When it comes to getting a good workout, walking isn’t always at the top of our list. Other activities such as HIIT workouts, running, and cycling that are higher intensity tend to get a lot more attention.
And while exercising in any form is beneficial, walking is easily one of the most underrated forms of exercise out there. It’s free, accessible, low-impact, and easy to fit into your daily routine.
Here, we’ll explore the many health benefits of walking, as well as tips to help boost your motivation.
8 health benefits of walking
From helping us maintain a healthy weight and boosting our immune system, to connecting with nature and reducing stress levels, there are many benefits of walking.
1. Walking can boost our mental health
Various research has revealed the positive effect that walking can have on mental health.
It’s been shown to boost self-esteem and positivity, and reduce anxiety, stress, depression, and low mood. For example, this study revealed that physically active people have up to a 30% reduced risk of depression, and staying active can also help those with depression to recover.
A lot of people find that when they’re feeling a bit down or stressed, the best medicine is often to take ourselves outside for a walk and get some fresh air. This is because walking encourages the brain to release endorphins (neurochemicals that reduce the levels of stress hormones like adrenaline and cortisol and make us feel good).
Walking outside is particularly effective because it can help us feel connected to nature, maintainperspective, and practise mindfulness. Mindfulness has been shown to improve mental health by encouraging us to appreciate our surroundings and focus on the present moment.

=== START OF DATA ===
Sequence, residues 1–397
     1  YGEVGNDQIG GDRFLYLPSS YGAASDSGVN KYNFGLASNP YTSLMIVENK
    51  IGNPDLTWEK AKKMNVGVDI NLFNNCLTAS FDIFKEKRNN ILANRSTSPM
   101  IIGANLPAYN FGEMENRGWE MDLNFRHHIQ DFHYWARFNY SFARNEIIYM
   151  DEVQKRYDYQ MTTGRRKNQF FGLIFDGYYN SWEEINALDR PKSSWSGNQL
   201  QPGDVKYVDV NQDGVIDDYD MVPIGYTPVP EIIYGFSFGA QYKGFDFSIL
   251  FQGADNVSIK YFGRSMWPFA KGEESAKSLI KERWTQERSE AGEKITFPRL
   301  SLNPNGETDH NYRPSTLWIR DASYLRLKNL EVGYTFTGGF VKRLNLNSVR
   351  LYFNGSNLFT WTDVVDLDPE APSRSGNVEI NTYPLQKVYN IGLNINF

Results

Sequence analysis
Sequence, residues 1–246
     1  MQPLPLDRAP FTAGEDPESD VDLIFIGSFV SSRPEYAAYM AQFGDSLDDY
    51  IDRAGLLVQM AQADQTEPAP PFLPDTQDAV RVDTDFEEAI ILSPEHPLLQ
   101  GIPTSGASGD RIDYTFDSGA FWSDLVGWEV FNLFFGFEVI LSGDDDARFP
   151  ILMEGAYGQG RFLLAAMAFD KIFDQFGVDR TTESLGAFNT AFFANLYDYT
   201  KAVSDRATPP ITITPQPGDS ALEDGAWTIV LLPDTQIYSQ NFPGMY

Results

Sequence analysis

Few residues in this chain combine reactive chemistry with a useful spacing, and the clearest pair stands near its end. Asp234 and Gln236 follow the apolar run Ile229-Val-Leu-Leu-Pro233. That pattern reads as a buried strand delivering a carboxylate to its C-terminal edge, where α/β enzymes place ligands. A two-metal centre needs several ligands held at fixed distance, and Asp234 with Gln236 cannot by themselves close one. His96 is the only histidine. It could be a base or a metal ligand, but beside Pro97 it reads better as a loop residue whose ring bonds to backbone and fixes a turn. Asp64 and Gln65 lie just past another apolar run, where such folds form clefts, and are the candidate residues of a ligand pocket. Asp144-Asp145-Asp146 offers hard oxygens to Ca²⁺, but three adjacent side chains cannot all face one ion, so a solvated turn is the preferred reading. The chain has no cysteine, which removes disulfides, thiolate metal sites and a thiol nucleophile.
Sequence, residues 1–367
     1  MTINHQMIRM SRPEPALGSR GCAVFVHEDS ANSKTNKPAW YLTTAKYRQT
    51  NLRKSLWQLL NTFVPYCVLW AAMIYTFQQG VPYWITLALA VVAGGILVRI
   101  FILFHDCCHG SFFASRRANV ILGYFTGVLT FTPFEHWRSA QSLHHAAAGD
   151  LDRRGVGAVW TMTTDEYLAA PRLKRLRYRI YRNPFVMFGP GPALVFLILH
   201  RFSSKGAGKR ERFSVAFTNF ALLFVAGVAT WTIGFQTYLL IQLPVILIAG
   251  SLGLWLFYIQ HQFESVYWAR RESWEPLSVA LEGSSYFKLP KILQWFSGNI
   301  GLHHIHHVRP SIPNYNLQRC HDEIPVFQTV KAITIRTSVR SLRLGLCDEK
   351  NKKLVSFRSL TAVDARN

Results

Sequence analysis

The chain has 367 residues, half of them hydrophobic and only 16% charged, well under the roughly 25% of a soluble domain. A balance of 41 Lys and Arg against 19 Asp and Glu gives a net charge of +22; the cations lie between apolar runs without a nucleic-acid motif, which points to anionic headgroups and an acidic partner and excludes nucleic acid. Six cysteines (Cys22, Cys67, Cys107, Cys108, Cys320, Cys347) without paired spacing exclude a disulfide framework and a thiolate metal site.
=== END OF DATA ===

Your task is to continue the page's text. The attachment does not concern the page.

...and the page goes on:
2. Walking can aid healthy weight loss
Like all physical activity, walking raises your heart rate and causes you to burn calories – making it a useful aid for healthy weight loss.
For example, in this study, participants lost an average of 7.7kg (or 10% of their initial body weight) after doing a brisk daily walk for six months. Another study found that obese women who walked for 50-70 minutes three days a week lost 2.7kg over a period of 12 weeks, compared with those who didn’t walk.
However, unlike high-intensity forms of exercise such as running, walking can be as intense as you want it to be. This makes it a great option for anyone wanting to increase their activity levels and lose weight – with arguably less effort!
For example, in this study, people burned an average of 89 calories per mile, which was only around 20% less than those who ran the same distance.
Walking is also good for those with busy schedules as it doesn’t require commitment to exercise classes – you can walk anywhere, anytime, and easily combine it with other tasks to kill two birds with one stone.
However, it’s important to note that while walking can help you to lose weight, it’s much more effective when combined with eating a healthy, balanced diet.
For example, in this 12 week study a group of obese people restricted their daily calorie intake by around 500-800 calories per day. One group walked for three hours each week and the other didn’t walk at all. While both groups lost a significant amount of weight, those who walked alongside their diet lost, on average, an additional 1.8kg more than those who didn’t walk.
3. Walking can boost energy levels
According to experts, walking makes us feel more energised because it boosts the production of energy hormones like cortisol, epinephrine, and norepinephrine, and increases blood flow throughout the body. This allows more blood containing oxygen and nutrients to reach larger muscles in the legs as well as the brain.